Chest (1635–45), Japan. Lacquer wood.

Chest (1635–45), Japan. Lacquer wood. Rijksmuseum, Amsterdam, Purchase with support from JT International Company Netherlands BV, the BankGiro Loterij, the Vereniging Rembrandt, and the Jaffé-Pierson Foundation

Chest, (1635–45), Japan

The Dutch had a unique relationship with Japan. From 1639 onwards they were the only western country allowed to trade directly with the Japanese. For only a brief period of time, between 1635 and 1645 a few Dutch merchants were able to order lacquerware of the highest quality ever produced for the export market. Five objects belonging to this so-called Fine Group will be brought together for the first time at the exhibition.

Casket (1618), attributed to Willem Kick. Casket, oak covered with imitation lacquer.

Casket (1618), attributed to Willem Kick. Casket, oak covered with imitation lacquer. Rijksmuseum Amsterdam

Casket (1618), attributed to Willem Kick

One way to consider the fascination with Asian luxury goods is to look at Dutch attempts to replicate Asian materials. Delftware – an imitation of Asian porcelain – is perhaps the best known example, but as early as 1609 the Amsterdam entrepreneur Willem Kick was given a patent for the production of an imitation of Japanese lacquer. His ‘lacquer’ became quite popular in a period when genuine lacquer was still hard to come by.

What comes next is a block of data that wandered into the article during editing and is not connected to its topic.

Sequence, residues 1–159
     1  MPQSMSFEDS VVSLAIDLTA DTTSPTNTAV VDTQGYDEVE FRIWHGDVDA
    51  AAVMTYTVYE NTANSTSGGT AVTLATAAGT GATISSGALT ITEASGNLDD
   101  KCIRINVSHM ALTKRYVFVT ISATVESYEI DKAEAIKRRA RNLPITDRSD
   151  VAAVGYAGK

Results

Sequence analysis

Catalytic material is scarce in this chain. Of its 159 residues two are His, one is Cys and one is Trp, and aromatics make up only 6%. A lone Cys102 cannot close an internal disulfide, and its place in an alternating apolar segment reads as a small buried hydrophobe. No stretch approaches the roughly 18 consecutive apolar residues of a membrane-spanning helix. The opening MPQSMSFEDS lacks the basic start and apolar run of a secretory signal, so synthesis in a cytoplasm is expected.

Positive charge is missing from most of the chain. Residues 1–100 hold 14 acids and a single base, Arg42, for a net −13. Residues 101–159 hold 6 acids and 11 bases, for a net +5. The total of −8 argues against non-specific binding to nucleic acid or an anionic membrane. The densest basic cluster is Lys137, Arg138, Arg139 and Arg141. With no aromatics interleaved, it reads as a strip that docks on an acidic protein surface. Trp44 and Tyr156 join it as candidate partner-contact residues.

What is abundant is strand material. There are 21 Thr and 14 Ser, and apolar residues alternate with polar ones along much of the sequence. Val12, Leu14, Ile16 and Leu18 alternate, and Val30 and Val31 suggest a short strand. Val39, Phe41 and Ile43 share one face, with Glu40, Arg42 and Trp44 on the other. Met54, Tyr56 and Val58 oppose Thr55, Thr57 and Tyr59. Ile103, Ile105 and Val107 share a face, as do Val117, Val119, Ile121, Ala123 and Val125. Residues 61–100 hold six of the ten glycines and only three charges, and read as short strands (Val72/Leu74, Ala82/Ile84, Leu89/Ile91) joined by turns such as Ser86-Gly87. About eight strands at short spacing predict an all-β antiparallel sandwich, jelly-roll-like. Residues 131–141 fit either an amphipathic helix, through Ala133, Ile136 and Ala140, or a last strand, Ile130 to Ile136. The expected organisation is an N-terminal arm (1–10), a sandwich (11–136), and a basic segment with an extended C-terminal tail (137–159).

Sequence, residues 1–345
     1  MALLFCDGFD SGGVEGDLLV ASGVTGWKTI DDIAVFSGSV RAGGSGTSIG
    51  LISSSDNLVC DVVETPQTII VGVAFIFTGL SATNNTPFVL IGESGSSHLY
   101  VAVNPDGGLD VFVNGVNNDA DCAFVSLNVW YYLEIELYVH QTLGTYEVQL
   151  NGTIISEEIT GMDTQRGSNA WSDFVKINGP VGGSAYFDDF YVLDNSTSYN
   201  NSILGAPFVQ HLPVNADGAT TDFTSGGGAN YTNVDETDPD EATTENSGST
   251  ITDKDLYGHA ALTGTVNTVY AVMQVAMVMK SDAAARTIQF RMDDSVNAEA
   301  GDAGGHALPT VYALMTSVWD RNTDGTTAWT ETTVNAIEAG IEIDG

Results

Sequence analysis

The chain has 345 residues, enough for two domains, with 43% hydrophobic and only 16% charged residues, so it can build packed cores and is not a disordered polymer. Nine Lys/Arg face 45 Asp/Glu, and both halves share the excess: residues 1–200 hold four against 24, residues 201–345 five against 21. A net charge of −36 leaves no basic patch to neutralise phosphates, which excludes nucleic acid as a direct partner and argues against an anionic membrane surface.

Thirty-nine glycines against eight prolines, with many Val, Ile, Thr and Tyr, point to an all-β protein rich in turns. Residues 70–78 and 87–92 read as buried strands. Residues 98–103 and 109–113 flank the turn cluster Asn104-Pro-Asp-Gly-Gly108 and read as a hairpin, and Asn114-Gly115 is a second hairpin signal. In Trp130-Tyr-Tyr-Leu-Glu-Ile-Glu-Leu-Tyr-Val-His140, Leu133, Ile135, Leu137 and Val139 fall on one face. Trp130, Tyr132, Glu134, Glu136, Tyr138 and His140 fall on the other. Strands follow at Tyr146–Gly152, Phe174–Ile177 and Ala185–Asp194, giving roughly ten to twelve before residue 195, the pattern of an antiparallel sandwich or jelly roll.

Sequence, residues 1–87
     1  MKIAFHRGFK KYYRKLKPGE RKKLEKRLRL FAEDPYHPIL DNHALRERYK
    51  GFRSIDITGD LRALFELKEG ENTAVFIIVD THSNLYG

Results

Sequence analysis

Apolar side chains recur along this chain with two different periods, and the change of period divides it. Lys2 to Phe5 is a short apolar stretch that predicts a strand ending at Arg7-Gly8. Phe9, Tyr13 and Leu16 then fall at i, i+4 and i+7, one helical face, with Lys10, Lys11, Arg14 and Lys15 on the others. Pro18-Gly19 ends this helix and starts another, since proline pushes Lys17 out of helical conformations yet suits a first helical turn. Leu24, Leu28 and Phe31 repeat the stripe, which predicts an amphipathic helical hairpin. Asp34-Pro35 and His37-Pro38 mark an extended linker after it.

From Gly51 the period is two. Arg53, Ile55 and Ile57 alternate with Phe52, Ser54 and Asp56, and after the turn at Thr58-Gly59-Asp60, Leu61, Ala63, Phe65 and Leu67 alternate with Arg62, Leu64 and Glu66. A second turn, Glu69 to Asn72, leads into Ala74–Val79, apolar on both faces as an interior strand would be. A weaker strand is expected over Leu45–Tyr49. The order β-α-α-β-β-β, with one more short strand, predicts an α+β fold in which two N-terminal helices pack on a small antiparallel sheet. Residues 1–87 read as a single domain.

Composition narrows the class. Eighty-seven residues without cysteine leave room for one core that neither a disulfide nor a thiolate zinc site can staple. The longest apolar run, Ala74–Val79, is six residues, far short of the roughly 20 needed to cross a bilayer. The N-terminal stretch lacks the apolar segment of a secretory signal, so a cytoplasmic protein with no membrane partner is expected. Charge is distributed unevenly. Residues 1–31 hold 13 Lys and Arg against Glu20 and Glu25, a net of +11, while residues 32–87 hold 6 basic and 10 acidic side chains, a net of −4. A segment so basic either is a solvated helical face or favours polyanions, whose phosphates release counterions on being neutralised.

(1662), Willem Kalf.

Still life with porcelain bowl, Nautulus Cup and Fruit (1662), Willem Kalf. Museo Thyssen-Bornemisza, Madrid.

Still life with porcelain bowl, Nautilus Cup and Fruit (1662), Willem Kalf

The enchantment with Asian luxury goods is also represented on Dutch still life paintings. Painters such as Willem Kalf excelled in the depiction these luxurious and exotic materials. The pearl-like shimmer of the turbo shell in the nautilus cup contrasts beautifully with the strong reflections on the gold mount. Kalf also included rare pieces, such as this covered bowls with the ‘Eight Immortals’, an example of which was present in the collection of Amalia of Solms, consort of prince Frederick Henry.